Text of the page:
Matt Harvey had the game of his career Tuesday night for the New York Mets.

Harvey pitched nine innings against the Chicago White Sox and gave up one hit, no walks and struck out 12. His only blemish came on an Alex Rios infield single in the seventh.

The Mets won the game in the 10th, but Harvey’s pitching was the story of the night.

Which begs the question—is Harvey now the Cy Young favorite in the National League?

Harvey leads the NL in strikeouts (58), WHIP (0.69); ranks second in wins above replacement (2.1) and ERA (1.28); and third in innings pitched (49.1) and wins (four).

His worst outing was a six-inning, three-earned run performance against the Los Angeles Dodgers on April 24.

Harvey was named the NL Pitcher of the Month in April and looked good in his first start in May.

But can he really keep it up the rest of the year?


The Nerdiness of Matt Harvey

Most pitchers use film as a resource throughout the year to help them make adjustments.

However, Harvey has used something else since his junior year of college, according to Ted Berg of USA Today.

Harvey maintains on his iPad a pitching diary that dates to his junior year in college at North Carolina, before the Mets drafted him seventh overall in 2010.

In the document, which Harvey calls his “pitching bible,” he records notes on every outing, including the details of his mistakes, temporary mechanical adjustments he made during the start and personal scouting reports on his approach to every hitter he expects to face again.

For a young pitcher, this is huge as he’s able to see what adjustments he makes and what his logic was on each situation.

These are the kind of things you would expect from veterans like Tim Hudson and Cliff Lee, not from a guy who has started 17 games in his big-league career.


His Competition

If the first month of the season holds serve, then pitchers like Gio Gonzalez, Stephen Strasburg, Roy Halladay, Cliff Lee and Matt Cain are out of the picture. While all five have the ability to turn it around, they’re already behind the curve compared to Harvey.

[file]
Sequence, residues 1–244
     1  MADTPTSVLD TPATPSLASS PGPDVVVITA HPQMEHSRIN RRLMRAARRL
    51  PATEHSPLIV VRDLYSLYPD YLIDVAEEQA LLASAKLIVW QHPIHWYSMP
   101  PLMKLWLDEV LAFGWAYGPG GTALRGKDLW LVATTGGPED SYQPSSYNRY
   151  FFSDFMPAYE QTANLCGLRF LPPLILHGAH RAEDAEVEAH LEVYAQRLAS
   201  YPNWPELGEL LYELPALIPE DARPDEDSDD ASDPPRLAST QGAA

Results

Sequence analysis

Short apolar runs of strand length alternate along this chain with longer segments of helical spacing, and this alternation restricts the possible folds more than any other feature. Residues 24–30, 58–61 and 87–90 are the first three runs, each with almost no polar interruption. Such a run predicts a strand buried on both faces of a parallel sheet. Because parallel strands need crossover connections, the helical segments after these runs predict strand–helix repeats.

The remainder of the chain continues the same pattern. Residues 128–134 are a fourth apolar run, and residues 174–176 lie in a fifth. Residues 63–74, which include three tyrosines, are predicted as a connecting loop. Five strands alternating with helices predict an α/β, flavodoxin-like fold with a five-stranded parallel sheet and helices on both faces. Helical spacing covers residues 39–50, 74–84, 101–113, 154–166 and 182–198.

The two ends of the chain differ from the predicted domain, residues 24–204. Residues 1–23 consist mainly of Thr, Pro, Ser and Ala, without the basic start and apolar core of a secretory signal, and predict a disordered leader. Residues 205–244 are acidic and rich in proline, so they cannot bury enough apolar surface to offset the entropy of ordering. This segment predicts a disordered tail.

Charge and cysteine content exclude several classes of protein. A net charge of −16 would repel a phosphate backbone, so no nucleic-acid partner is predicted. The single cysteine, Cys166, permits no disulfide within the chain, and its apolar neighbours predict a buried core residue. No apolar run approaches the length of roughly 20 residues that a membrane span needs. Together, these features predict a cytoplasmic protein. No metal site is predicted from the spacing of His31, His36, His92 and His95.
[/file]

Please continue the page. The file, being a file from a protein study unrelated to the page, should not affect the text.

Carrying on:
Instead, players like Hudson, Adam Wainwright and Lance Lynn could be his main competition.

Lynn is the only one of the three that has put up equally as good of numbers, giving up four earned runs twice this season and one run or less in all but one other start this year.

If the first six weeks of the season are any indication, Harvey looks to have a leg up on everyone.


The Missing Pieces

While Harvey has been impressive, one must remember his starts have come against teams with a combined record of 96-125.

The only team to be proud of beating is the Washington Nationals. Then again, their offense has struggled this year as well.

The missing pieces for his starts are the Atlanta Braves, Cincinnati Reds, St. Louis Cardinals and San Francisco Giants.

Should he continue to get a start every fifth game through the first half of the season, Harvey will face the Reds, New York Yankees, Braves, and Giants. That means he’ll get his opportunities to prove himself before July.

If he can pass those tests, then Harvey will enter the second half of the season as the leader in the Cy Young race.

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